As a result of the effects of combat during the First World War, the lack of available employment for disabled ex-servicemen led to Henry Rothband (d. 1940) proposing, in 1917, a scheme named the King’s National Roll Scheme (KNRS), whereby, ‘every company in England and Wales with over ten employees (had) to ensure that no less than 5 per cent of their workforce comprised disabled ex-servicemen’.
The government was initially reluctant to implement the KNRS, but towards the end of 1918 they realized that employment problems were worsening, and a large number of disabled ex-servicemen were set to remain unemployed. This encouraged the state to establish the scheme in September 1919. The scheme was voluntary, but employers were encouraged to take part by its advertisement as a way of honouring those who had served for their country. It became very successful, with around 89,000 men finding employment through it within a year and continued to be a success until 1944, when the compulsory Disabled Persons’ Employment Act took over.
Attempts to make the scheme compulsory, thus leading to greater employment of disabled ex-servicemen, were always overruled by the War Cabinet. It was, nevertheless, a beneficial way of encouraging employment and enabling disabled ex-servicemen to become more integrated into society.
Birmingham Corporation set up a Sub Committee of the General Purposes Committee to consider action on the employment of disabled ex- servicemen. At a meeting of the Sub Committee held on Friday 15 October 1920, consisting of the Rt. Hon. The Lord Mayor (Alderman W.A. Cadbury), Alderman Lloyd and Councillor Lancaster, a return from the General Purposes Committee was examined which showed the percentage of disabled men employed by the various Corporation departments in relation to the total number of male and female employees.Where departments had a very low percentage, as in the Asylums, Markets and Fairs, and Health departments, the Mayor felt that they should be asked to engage a sufficient number of disabled men to bring the proportion up to the 5% minimum.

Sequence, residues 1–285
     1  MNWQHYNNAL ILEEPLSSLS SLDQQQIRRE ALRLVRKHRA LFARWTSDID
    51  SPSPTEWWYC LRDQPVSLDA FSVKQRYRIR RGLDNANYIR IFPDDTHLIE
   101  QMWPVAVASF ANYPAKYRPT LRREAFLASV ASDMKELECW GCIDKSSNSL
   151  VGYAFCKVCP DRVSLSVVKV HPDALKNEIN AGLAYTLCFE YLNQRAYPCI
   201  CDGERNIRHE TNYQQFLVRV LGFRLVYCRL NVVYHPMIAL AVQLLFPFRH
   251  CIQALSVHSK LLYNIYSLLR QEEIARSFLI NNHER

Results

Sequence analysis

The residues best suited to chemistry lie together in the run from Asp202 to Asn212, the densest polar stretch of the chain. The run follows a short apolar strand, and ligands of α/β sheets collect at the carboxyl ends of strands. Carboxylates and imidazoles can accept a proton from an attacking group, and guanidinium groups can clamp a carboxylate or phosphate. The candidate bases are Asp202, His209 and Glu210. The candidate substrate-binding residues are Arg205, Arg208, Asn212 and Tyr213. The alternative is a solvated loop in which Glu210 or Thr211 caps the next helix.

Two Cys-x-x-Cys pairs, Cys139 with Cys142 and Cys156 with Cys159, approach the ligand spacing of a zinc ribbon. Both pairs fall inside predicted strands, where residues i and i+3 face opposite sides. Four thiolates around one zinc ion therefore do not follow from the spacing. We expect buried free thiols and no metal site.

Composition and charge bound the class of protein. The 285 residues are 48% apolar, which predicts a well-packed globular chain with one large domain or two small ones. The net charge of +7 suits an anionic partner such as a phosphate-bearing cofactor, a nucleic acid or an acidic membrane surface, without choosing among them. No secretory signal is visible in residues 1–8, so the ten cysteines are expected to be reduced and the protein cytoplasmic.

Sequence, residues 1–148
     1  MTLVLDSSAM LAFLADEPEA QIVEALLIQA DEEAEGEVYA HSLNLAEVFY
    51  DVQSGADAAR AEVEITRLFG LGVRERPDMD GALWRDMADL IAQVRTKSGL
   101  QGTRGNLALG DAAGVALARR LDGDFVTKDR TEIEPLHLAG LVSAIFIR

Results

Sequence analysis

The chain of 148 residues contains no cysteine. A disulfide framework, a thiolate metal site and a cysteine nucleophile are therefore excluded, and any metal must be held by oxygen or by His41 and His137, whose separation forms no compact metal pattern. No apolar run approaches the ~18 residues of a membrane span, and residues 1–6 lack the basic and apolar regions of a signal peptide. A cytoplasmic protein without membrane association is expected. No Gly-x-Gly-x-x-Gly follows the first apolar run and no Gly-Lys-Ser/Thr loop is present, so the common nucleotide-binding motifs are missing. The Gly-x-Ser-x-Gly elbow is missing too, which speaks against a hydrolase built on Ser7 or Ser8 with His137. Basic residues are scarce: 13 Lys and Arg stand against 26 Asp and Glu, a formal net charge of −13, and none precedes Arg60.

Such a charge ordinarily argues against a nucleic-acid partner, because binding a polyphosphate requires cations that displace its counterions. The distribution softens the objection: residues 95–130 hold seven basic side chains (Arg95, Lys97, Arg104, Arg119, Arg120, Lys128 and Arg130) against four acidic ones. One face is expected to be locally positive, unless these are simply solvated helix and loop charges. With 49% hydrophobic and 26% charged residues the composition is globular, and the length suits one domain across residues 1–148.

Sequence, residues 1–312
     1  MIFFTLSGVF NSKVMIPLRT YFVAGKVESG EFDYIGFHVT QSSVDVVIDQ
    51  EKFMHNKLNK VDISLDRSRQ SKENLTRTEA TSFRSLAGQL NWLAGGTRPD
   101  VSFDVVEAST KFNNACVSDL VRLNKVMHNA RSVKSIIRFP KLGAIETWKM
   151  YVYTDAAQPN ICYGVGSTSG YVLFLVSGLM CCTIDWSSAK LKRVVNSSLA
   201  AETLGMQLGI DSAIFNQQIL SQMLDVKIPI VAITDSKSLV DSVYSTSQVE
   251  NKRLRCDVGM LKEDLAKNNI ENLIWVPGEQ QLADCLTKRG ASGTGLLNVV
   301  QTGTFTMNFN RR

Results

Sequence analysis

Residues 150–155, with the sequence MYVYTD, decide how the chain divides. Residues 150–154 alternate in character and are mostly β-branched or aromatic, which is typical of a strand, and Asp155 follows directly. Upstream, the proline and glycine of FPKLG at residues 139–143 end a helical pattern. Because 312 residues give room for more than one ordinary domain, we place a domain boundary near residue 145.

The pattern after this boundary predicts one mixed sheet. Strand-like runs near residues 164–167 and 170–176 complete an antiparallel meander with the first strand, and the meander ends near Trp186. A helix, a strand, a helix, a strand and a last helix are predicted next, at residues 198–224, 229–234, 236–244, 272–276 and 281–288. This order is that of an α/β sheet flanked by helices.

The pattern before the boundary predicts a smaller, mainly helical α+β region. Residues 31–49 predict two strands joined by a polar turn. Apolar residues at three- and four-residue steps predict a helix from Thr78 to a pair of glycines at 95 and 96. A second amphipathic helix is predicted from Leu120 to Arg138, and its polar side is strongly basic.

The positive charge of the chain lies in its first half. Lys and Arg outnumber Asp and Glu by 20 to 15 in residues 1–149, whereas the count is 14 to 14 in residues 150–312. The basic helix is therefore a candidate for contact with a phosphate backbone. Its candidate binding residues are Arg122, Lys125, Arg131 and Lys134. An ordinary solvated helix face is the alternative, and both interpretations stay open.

The City Council had to set an example before other employers in the city could be asked. The Electric Supply, Estates, Gas and Public Works, Stables and Water departments had already signed undertakings under the Scheme but it was decided it was preferable to have the Corporation registered as a whole. Counted like that, the actual percentage of disabled employees was 7.31%.The Birmingham Training Committee had submitted a letter indicating that there were 166 men on the records of the War Pensions Committee who were ‘quite unfit for either training or employment or who were, on account of physical disabilities, only capable of very light work indeed.’
The Lord Mayor suggested that the Sub-Committee send a letter to all Departments requesting them to take on one of these men for every 500 employees, with a maximum of 5 per department.
The return illustrated also shows the increase in women employees in the City Council workforce as a result of the War, with information on employment undertaken.
Fiona Tait, Archivist.